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Uchigatana vs Katana: What are the Main Differences?

Written By: David Mickov
Published On: March 18, 2024
Edited by: Juliana Cummings

NO AI USED This Article has been written and edited by our team with no help of the AI

The uchigatana and katana are well-known Japanese swords featured in anime such as Bleach and Samurai Champloo, TV shows such as Shogun, and video games like Elden Ring. However, the names of the two swords commonly cause confusion. 

In this article, we’ll clear up that confusion. We’ll start by explaining what these swords are called in Japan and around the world. Next, we’ll talk about their key features and their role in battle. Finally, we’ll dive into their history and see which one comes out on top in a duel.

Uchigatana - Comparison
Katana - Comparison
Heian Period (8th – 12th century CE – Japan
Muromachi Period (14th-16th century CE) – Japan
Warfare, Daily Self-Defense, Martial Arts
Warfare, Daily Self-Defense, Martial Arts, Ceremonial
Average Length
11 to 43 inches (28 to 110 cm)
33.4 – 43 inches (85 – 110 cm)
1.1 to 2.9 lbs (1.3 kg)
2 to 2.9 lbs (0.9 to 1.3 kg)
Blade Type
Straight, Curved
One-Handed, Two-Handed
Tamahagane Steel
Tamahagane Steel
Where to Buy?

Terms & Meaning Explained

Tachi and Katana Scabbard Difference
The different ways of carrying a Tachi (left) and Katana (right) – Credits: Sasaki Kojiro

Uchigatana in Japanese is translated to “striking sword” and refers to the blades carried in an edge-pointed-up fashion inside the obi belt starting in the late Heian Period (8th-12th century CE). It was used to mark certain types of fittings for bigger swords like the tachi and the katana.

In Japan, katana means “sword” and can refer to any single-edged blade. This includes traditional swords, those designed for horseback (tachi), and even practice swords (iaito).

Outside Japan, katana often means the slightly curved swords that first appeared during the Muromachi Period (14th-16th century).

In Japan, the terms uchigatana and katana can refer to the same sword. However, some experts outside Japan see the uchigatana as an early version of the sword. They view the katana as its final and more defined form.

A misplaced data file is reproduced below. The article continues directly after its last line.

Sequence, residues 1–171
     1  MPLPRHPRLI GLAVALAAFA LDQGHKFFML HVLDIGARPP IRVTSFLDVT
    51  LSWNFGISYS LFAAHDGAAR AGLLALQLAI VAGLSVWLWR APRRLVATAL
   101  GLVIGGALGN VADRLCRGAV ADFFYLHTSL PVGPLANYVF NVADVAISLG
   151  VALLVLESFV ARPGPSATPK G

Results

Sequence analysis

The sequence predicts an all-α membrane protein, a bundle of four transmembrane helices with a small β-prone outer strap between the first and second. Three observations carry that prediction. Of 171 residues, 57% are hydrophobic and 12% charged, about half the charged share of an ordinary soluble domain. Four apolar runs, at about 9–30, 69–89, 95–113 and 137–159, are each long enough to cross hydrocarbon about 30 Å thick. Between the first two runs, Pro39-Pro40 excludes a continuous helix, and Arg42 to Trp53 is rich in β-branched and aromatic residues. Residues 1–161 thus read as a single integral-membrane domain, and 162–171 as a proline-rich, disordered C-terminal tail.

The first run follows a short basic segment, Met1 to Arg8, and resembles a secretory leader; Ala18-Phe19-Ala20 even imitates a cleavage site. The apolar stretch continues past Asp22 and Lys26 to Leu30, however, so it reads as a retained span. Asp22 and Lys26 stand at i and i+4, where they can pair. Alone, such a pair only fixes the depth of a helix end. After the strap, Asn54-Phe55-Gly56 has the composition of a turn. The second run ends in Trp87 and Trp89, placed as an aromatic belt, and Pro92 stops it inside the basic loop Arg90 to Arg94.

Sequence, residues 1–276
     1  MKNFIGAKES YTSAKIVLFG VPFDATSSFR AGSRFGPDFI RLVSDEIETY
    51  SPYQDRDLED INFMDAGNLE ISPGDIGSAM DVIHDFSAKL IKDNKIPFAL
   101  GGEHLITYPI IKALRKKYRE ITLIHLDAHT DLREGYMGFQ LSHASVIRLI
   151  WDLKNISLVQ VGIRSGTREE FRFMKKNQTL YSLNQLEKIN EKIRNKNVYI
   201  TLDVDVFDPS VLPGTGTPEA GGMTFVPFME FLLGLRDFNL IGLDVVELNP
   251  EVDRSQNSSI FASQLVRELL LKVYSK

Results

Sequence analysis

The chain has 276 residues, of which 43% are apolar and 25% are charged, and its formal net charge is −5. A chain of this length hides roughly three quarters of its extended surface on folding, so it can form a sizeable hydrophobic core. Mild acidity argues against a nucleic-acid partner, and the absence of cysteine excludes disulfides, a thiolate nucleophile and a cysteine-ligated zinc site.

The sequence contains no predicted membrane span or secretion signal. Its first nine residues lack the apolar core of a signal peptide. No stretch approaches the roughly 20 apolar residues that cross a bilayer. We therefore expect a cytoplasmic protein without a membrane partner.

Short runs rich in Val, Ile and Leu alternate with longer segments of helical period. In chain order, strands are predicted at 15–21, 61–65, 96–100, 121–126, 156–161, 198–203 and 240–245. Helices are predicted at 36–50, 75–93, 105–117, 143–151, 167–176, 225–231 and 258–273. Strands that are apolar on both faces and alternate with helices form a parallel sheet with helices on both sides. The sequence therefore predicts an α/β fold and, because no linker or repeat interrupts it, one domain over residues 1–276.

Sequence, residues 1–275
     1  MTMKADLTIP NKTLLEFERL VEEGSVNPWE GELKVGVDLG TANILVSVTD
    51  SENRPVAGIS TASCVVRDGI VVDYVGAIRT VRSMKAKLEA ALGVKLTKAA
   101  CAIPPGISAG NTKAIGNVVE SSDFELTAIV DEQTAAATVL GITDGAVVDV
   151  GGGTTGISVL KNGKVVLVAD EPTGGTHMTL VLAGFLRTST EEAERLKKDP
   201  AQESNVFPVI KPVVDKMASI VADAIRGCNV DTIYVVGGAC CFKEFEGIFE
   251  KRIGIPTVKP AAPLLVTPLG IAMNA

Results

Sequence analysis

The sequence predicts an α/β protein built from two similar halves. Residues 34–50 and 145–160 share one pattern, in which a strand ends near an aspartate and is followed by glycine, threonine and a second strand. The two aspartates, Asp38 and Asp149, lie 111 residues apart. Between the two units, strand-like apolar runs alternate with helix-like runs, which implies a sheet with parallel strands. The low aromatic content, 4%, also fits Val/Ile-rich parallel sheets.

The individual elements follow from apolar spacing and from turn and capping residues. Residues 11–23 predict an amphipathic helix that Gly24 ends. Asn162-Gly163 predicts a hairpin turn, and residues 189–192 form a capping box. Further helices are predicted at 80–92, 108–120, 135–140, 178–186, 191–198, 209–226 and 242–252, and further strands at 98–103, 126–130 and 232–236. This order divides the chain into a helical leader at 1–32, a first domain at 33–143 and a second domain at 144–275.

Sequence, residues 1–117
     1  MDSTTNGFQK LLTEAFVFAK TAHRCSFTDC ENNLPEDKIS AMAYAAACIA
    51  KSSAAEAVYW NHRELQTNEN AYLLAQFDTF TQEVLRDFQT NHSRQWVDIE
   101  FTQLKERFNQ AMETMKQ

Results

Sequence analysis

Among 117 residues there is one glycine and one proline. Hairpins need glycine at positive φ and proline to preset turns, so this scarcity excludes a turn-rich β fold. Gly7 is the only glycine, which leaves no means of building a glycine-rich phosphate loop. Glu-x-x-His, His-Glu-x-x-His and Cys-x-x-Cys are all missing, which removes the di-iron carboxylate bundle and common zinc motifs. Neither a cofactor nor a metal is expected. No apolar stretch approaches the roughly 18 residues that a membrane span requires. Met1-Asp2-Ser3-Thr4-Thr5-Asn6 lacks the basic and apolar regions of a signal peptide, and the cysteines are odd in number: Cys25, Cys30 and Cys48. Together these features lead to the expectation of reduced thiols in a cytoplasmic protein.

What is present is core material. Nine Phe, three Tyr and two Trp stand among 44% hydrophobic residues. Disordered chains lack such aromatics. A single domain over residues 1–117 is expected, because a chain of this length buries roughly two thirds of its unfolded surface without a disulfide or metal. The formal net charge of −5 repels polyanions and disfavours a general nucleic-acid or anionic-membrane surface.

Design and Size Differences

Uchigatana and Katana Characteristics and Differences
The major differences between an early Uchigatana (left) and a feudal-developed Katana sword (right)

Both the uchigatana and katana are made from tamahagane steel, which is a high-carbon material crafted from iron sand into a sharp blade. The uchigatana is shorter and lighter than the katana.

They share many features, such as a single-edged blade, the distinctive hamon pattern from clay tempering, and layers of jigane from folding the metal. Their parts are secured with a single bamboo peg called a mekugi.


The Blade of a Uchigatana and a Katana Differences
The blade of a historical Uchigatana made in the early 16th century with a shorter tang – Credits: Mandarin Mansion Antiques

Uchigatana blades often have a stronger curve near the tip, reflecting their time alongside the curved tachi. They have a shorter nakago (full-tang) since early uchigatana were designed for one-handed use. Their shinogi (ridge line) is also more pronounced.

The katana features a gentler curve, which is better suited for foot soldiers. Its full-tang is longer, fitting two-handed grips, and the blade may include a hi (groove) for looks and to make it lighter.


Katana and Uchigatana Hilt Characteristics
Loyal Kobuse Katana” featuring a 17th-century style and an upgraded version of the uchigatana with a bigger tang

Early uchigatana swords were made for one-handed use. As they evolved into the katana, they were designed for two hands. Their fittings, known as koshirae, could be simple and guardless (aikuchi) or have a rounded guard (tsuba). Initially, uchigatana handles were plain and lacked decorations.

The katana’s handle is longer and often decorated on the guard with metal fittings (menuki) on the handle or the pommel (kashira). Its grip is covered with textured ray skin and wrapped in a smooth cord (ito) made from cotton, silk, or leather.

New Combat and Fighting Techniques